3 cyclists out of the alignment, or to give them information about the LRT alignment. Physical measures may be active or passive. Active measures respond to an approaching LRV. Passive measures are fixed. Education and enforcement programs may focus on operators or the pub- lic. Public programs are typically used to increase awareness about safety near LRT alignments. LRT Safety Data Available from Local Transit Agencies, SSOs, and the NTD In the United States, LRT collision data are collected and stored at three levels of transit administration. As part of the data collection portion of the project, the project team identi- fied the purpose of storing collision data at each level, identified the data collected, assessed the quality of the data collected, identified any potential issues or deficiencies, and, where pos- sible, analyzed the data to determine root causes and contributing factors for LRT collisions. The three levels of transit administration that collect and store incident reports are the FTA (for the NTD), the SSO agencies, and local transit agencies. The primary source of all data is onsite investigations using some type of collision report form. Normally, the local agency conducts the incident investigation, but the SSO is mandated either to conduct an investigation or to ensure that the local agency is doing so. The SSO reviews the findings of the local agency's incident report, and accepts or dissents. If the SSO dissents, the SSO may conduct its own review, or may ask the agency to revise the agency's review. The local tran- sit agency must also submit monthly reports on incidents meeting set criteria to the NTD. SSOs make an annual submission to the NTD. Figure 1 shows the transfer of incident data from the scene of the incident across the three levels of transit administration. The project team received and analyzed data from a number of sources: The National Transit Databases from the FTA for each year from 2002 to 2007, including all reported safety and security incidents, both "reportable" (formerly "major") incidents, and "non-reportable" (formerly "non-major") incidents; One SSO database, provided by the California Public Utilities Commission (CPUC); and Extractions of varying levels of detail from the databases of eight local LRT agencies. Safety Issues and Their Treatment Safety analysts use tools such as before-and-after studies to determine the most appropri- ate treatments to address safety issues. One method of addressing safety concerns is root cause analysis (RCA). RCA is a formal process that distinguishes contributing factors from root S&S-40 Reportable Incident Form within 30 days of incident Annual Submission S&S-50 Safety and Security Summary Form monthly NTD SSO Transfer of Final Investigation Report Local Incident Investigation Incident Investigation Incident Figure 1. Transit incident data transfer across levels of transit administration.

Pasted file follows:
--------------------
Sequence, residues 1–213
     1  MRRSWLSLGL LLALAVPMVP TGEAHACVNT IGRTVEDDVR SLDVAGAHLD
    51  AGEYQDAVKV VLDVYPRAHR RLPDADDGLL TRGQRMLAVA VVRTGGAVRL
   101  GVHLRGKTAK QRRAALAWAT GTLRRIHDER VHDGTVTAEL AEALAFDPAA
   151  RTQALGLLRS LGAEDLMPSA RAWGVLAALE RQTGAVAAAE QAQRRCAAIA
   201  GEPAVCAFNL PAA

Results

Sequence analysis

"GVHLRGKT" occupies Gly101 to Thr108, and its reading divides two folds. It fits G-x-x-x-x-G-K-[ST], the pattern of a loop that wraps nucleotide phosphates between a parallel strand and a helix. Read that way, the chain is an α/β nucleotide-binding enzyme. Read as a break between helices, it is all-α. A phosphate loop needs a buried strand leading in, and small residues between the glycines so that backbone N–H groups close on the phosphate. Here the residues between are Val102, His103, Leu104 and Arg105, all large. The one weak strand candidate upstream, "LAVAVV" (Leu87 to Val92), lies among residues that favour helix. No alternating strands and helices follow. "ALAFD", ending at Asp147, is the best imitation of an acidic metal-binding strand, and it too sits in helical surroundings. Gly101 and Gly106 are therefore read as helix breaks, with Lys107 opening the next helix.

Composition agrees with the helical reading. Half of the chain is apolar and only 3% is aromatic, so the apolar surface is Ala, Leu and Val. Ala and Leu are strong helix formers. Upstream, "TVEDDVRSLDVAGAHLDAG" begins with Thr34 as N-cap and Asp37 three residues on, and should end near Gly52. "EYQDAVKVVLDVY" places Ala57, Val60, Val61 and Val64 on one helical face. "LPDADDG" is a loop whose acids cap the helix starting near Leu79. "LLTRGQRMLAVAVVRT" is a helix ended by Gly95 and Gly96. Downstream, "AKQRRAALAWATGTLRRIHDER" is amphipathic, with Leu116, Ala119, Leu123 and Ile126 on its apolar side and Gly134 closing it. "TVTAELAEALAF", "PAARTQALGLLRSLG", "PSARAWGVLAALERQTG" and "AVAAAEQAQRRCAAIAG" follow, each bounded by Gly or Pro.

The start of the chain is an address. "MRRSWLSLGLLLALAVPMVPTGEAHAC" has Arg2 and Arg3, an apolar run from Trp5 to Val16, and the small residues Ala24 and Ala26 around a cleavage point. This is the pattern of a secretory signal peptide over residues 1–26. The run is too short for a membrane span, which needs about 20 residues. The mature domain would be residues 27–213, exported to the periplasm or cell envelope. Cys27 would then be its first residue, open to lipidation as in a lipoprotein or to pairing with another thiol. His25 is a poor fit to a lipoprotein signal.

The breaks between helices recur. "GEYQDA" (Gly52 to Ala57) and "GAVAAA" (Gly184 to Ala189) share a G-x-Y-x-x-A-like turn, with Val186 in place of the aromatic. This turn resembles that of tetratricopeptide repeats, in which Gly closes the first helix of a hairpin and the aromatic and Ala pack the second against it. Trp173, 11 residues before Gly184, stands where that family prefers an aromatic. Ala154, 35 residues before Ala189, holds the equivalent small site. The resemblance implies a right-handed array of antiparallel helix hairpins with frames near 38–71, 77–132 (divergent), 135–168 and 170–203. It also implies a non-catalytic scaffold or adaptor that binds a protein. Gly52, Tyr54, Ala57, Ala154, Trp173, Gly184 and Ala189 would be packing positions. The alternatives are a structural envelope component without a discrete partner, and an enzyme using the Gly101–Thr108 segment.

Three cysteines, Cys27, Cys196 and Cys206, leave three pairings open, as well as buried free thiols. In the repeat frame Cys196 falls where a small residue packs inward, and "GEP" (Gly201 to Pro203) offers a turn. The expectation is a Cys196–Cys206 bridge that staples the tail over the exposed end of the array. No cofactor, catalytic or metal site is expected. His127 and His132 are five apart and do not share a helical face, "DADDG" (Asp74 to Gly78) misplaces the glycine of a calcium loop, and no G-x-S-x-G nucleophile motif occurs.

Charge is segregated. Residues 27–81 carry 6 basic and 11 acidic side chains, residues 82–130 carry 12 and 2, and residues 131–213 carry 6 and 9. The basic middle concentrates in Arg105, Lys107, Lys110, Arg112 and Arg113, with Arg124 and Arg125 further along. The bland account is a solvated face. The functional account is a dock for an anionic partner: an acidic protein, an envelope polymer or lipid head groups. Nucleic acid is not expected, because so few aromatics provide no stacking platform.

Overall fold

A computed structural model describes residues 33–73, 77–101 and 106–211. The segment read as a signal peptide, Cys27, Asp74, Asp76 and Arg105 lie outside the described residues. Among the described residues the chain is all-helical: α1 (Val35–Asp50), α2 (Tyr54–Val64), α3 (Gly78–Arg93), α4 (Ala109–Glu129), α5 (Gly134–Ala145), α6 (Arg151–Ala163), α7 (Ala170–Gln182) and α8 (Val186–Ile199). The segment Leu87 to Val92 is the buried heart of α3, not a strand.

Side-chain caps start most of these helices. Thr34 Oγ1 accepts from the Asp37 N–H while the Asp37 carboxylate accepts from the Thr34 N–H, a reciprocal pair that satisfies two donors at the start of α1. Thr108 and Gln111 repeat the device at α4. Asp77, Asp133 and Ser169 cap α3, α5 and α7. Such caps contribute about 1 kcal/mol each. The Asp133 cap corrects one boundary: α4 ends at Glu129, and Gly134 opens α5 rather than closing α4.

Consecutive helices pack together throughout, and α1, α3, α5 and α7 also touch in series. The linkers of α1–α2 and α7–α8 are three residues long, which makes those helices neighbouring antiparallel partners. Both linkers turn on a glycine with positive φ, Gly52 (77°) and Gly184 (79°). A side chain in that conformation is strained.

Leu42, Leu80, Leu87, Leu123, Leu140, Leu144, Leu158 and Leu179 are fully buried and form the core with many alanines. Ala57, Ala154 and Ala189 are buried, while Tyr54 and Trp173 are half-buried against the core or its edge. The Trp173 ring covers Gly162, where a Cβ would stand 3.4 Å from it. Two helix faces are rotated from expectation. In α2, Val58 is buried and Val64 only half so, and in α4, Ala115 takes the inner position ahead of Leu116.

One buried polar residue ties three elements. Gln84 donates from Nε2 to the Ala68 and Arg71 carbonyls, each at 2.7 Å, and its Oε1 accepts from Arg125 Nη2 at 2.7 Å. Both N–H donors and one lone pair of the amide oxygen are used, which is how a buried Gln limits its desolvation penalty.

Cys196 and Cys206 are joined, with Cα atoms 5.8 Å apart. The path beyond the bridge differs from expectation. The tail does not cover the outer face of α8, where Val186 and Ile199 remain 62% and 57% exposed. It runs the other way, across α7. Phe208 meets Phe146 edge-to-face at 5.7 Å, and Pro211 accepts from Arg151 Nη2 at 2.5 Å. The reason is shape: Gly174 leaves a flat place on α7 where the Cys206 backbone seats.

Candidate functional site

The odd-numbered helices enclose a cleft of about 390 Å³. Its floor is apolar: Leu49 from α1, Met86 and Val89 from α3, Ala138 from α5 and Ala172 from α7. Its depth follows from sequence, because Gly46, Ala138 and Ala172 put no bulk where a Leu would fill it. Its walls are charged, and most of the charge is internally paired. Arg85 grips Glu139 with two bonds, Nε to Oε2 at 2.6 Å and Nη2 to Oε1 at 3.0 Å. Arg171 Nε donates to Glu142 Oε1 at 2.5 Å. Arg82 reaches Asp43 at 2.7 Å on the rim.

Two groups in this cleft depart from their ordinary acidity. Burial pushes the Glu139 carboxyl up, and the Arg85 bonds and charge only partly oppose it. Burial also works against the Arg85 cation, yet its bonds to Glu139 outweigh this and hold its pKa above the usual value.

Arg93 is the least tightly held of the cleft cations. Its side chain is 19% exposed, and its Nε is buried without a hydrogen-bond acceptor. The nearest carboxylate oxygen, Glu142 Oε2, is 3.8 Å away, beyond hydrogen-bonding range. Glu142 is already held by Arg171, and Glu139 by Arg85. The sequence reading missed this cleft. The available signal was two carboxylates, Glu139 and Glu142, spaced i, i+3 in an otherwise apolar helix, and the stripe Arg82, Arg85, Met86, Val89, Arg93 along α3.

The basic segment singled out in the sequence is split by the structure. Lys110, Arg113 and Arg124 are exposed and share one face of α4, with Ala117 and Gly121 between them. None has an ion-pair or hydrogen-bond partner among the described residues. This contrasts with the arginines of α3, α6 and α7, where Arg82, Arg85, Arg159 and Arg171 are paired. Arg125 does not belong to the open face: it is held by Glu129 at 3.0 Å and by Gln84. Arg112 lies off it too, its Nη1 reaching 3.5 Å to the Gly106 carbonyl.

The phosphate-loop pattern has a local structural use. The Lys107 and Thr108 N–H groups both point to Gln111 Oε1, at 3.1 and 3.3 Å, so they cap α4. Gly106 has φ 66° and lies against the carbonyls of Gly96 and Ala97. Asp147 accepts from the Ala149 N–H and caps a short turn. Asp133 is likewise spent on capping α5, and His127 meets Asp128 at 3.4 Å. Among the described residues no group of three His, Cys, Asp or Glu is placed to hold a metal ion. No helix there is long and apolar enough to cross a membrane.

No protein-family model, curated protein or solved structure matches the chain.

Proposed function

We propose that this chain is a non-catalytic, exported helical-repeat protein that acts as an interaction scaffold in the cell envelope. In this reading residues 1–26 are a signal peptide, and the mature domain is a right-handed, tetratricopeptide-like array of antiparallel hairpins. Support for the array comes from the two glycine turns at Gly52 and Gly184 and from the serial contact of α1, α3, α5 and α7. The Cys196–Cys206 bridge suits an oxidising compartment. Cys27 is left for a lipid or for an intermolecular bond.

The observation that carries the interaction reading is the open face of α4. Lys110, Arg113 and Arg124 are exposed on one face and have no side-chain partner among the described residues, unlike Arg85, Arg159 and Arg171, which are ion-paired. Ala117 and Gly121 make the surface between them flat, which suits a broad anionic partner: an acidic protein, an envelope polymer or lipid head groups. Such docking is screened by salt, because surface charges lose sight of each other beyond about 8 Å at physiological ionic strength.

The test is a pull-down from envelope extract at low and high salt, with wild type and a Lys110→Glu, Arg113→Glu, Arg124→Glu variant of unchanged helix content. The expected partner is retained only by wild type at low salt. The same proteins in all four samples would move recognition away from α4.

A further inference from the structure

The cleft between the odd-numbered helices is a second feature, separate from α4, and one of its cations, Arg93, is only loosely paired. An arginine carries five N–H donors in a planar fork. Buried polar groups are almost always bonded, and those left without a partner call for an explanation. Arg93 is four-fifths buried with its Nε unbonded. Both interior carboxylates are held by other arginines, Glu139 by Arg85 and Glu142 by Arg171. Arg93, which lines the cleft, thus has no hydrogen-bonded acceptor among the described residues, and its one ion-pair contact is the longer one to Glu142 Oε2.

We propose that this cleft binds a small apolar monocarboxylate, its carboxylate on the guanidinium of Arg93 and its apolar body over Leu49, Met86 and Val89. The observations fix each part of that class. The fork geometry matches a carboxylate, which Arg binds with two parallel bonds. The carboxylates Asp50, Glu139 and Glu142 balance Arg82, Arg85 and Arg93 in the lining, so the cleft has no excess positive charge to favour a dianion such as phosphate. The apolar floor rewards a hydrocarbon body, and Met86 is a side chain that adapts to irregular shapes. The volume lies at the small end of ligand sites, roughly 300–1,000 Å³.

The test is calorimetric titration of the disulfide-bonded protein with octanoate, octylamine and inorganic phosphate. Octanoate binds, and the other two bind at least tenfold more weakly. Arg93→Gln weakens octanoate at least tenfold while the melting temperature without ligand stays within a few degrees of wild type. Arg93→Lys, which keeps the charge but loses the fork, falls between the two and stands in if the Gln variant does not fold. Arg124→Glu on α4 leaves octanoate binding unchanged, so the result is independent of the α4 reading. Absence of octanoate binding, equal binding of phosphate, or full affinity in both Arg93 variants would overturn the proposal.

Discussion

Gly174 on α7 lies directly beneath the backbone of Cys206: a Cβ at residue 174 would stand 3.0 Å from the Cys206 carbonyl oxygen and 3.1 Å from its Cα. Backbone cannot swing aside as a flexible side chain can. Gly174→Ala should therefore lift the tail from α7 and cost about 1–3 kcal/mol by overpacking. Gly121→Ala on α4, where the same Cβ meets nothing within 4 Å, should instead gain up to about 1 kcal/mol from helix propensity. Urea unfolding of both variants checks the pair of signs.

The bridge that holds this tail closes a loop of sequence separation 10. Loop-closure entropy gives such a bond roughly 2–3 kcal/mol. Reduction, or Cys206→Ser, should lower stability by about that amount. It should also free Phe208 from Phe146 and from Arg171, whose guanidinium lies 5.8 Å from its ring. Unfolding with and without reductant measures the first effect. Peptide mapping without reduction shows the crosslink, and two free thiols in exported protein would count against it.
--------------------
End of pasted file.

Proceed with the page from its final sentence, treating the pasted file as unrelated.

OCR for page 1